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Accelerating Access to Water and Sanitation in South Sudan

Most regions of South Sudan are continuously affected by insecurity, flooding and violent conflicts resulting in exacerbated poverty, lack of infrastructure and a significant proportion of the population being continually displaced. This impedes the ability to transport materials and staff required to build Water Sanitation and Hygiene (WASH) infrastructures, and to reach the most vulnerable communities. According to the 2021 Humanitarian Needs Overview, WASH coverage in South Sudan is still extremely low with the majority of the population having no access to safe water or basic sanitation.[1] This puts the population at a high risk of water-borne and WASH-related illness such as cholera, typhoid, diarrhoea and dysentery as well as malaria and a number of Neglected Tropical Diseases (NTDs). The situation is further compounded by governance challenges causing a lack of sustainable operational and maintenance systems for existing WASH facilities and infrastructures. In South Sudan:

In 2020 South Sudan experienced its most devastating floods in 60 years, with torrential rains ravaging several parts of the country, effecting more than 1 million people in 34 out of the 79 counties. Many hand pumps in affected areas were submersed under water rendering these water sources contaminated and a significant number of latrines overflowed or were destroyed leaving the populations affected at a high risk of water-borne and WASH-related illnesses. This, coupled with the burden of the COVID-19 pandemic has made access to WASH in South Sudan a key priority for 2021.

MENTOR Response:
Since 2018, MENTOR, in partnership with UNICEF, has been committed to accelerating access to basic water and sanitation for some of the most vulnerable populations in South Sudan. These activities have significantly expanded in recent years and MENTOR is currently reaching entire communities across 2 states – Northern Bahr El Ghazal and Eastern Equatoria. This has included the following activities;

Enabling access to safe water:
Rehabilitation of boreholes together with training and formation of Water Management Committees (WMC’s) has enabled our target locations to continue to receive sustained access to safe water based on Sphere humanitarian standards. The WMC’s are a key component of this intervention as it builds capacity at the local level and enables communities to operate and maintain their boreholes independently. Between April-June 2021 MENTOR plans to rehabilitate 62 boreholes in Eastern Equatoria and Northern Bahr El Ghazal.

Community-led total sanitation (CLTS):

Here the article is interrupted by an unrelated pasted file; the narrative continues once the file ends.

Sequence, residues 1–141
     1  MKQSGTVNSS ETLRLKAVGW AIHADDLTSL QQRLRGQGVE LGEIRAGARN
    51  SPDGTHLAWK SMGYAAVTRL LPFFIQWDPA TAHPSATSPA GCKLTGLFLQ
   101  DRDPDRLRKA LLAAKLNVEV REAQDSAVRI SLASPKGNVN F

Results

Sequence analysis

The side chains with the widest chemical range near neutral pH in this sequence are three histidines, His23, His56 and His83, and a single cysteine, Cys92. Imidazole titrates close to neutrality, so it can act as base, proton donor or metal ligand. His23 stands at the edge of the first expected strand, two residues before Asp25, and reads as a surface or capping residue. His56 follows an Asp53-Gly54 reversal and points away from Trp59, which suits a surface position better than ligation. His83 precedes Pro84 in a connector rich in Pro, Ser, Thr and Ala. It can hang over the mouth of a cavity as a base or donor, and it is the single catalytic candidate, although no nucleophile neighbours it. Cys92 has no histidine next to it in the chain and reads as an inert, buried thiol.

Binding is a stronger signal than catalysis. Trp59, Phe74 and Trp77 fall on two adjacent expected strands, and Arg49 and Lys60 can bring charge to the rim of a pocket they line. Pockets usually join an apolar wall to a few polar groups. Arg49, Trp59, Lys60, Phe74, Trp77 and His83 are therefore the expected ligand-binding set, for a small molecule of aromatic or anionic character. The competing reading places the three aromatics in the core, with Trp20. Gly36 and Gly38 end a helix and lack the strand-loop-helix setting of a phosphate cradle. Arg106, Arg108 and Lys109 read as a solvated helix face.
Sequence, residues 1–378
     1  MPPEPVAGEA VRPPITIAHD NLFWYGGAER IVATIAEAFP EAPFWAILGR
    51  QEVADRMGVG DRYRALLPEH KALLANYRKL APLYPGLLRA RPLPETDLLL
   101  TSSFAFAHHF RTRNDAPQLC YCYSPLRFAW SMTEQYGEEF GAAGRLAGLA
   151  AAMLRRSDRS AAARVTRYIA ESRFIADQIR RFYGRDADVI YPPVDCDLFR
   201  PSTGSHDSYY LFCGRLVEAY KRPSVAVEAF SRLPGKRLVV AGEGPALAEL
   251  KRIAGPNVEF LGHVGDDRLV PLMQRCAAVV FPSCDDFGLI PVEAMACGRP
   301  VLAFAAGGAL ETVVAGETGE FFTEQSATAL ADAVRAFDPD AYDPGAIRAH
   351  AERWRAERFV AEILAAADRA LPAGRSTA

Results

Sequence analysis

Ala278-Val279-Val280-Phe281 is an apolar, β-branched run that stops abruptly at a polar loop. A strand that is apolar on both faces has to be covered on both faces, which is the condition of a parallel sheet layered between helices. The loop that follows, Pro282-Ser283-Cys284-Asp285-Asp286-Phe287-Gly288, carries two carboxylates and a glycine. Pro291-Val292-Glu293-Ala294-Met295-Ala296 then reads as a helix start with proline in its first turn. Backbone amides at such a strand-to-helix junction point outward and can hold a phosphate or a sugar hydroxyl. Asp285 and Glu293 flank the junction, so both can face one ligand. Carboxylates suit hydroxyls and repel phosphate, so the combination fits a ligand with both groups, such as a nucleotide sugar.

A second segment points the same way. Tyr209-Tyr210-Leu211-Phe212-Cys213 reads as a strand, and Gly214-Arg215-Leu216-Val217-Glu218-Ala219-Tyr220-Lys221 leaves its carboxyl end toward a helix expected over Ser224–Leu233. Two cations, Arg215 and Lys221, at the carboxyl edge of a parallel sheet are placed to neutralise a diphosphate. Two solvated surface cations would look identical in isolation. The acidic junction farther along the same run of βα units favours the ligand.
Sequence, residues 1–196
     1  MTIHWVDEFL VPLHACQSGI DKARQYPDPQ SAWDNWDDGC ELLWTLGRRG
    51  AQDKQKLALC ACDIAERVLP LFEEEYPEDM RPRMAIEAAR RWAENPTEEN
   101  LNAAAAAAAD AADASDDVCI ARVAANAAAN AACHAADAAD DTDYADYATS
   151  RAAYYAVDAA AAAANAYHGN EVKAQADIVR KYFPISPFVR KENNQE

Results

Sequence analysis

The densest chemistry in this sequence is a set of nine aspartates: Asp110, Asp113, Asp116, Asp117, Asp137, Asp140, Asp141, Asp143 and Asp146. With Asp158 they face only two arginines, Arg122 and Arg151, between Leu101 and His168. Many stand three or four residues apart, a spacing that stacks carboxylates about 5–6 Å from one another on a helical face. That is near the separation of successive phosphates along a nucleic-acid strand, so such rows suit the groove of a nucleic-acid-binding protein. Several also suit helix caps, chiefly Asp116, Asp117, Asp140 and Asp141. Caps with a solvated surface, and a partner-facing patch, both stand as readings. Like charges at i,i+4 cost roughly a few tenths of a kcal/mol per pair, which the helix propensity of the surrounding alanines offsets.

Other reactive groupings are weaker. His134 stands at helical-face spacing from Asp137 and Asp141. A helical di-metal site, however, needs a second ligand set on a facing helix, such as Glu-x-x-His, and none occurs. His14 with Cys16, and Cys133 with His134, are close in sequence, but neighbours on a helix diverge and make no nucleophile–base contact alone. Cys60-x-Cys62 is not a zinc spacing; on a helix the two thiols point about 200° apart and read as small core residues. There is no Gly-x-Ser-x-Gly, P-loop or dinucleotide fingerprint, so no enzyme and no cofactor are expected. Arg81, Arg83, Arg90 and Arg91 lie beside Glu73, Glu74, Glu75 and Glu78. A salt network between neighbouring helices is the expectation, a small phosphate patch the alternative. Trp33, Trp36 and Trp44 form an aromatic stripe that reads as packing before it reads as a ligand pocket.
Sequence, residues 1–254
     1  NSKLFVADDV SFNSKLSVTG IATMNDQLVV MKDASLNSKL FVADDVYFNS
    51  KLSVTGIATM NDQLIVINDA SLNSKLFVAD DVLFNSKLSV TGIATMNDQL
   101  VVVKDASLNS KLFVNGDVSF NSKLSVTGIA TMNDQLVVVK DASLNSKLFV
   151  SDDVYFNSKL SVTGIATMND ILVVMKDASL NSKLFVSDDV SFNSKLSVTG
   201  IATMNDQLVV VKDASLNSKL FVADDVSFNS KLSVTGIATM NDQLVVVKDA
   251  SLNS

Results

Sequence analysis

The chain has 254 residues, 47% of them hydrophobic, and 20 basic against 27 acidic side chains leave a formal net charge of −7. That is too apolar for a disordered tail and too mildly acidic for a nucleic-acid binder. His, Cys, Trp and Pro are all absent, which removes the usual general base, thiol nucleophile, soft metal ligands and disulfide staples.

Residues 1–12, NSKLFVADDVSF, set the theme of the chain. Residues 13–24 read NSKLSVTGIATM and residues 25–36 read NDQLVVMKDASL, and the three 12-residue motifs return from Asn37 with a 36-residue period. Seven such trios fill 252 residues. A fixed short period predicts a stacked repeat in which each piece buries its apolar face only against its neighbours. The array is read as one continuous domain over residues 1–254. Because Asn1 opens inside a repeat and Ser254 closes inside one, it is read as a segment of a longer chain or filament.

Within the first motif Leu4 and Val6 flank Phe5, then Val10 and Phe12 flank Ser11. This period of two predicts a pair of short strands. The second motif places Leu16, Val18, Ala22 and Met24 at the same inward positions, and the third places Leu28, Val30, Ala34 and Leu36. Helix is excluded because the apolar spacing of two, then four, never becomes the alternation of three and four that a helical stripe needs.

CLTS is an innovative methodology for mobilising communities to completely eliminate open defecation (OD). Communities are triggered and facilitated to conduct their own appraisal and analysis of open defecation habits and take action to construct and ensure use of latrines to achieve open defecation free (ODF) status. In 2020 a total of 383 villages were triggered, of which 267 achieved ODF status across MENTOR’s target locations. Furthermore, CLTS activities led to the community construction of 635 latrines. In 2021 a further 52 villages were triggered and are currently undergoing post-triggering monitoring along with the other villages who have not yet achieved ODF status.

Hygiene promotion & COVID-19 risk mitigation:
MENTOR continues to accelerate hygiene promotion activities aimed at preventing outbreaks of WASH-related diseases. Hygiene promotion messages are delivered at the community level in conjunction with other WASH activities in order to optimise intervention outcomes through uptake of positive behaviours. In response to the COVID-19 pandemic MENTOR also provided support to local authorities and partner agencies through delivering COVID-19 messaging in conjunction with routine interventions, installation of hand-washing facilities in program sites and gap filling of essential commodities such as soap.

WASH in Schools and Health Care Facilities:
MENTOR supports schools and health care facilities with WASH services which includes construction and repair of gender-sensitive latrines, as well as, delivery of hygiene promotion messages. This includes menstrual hygiene management for school girls. As a result, since 2020 MENTOR has supported 7 health care facilities and 15 schools across the target locations with approximately 6,500 individuals benefitting from access to WASH facilities in schools.

[1] OCHA. (2021) Humanitarian Needs Overview 2021: South Sudan. Retrieved from: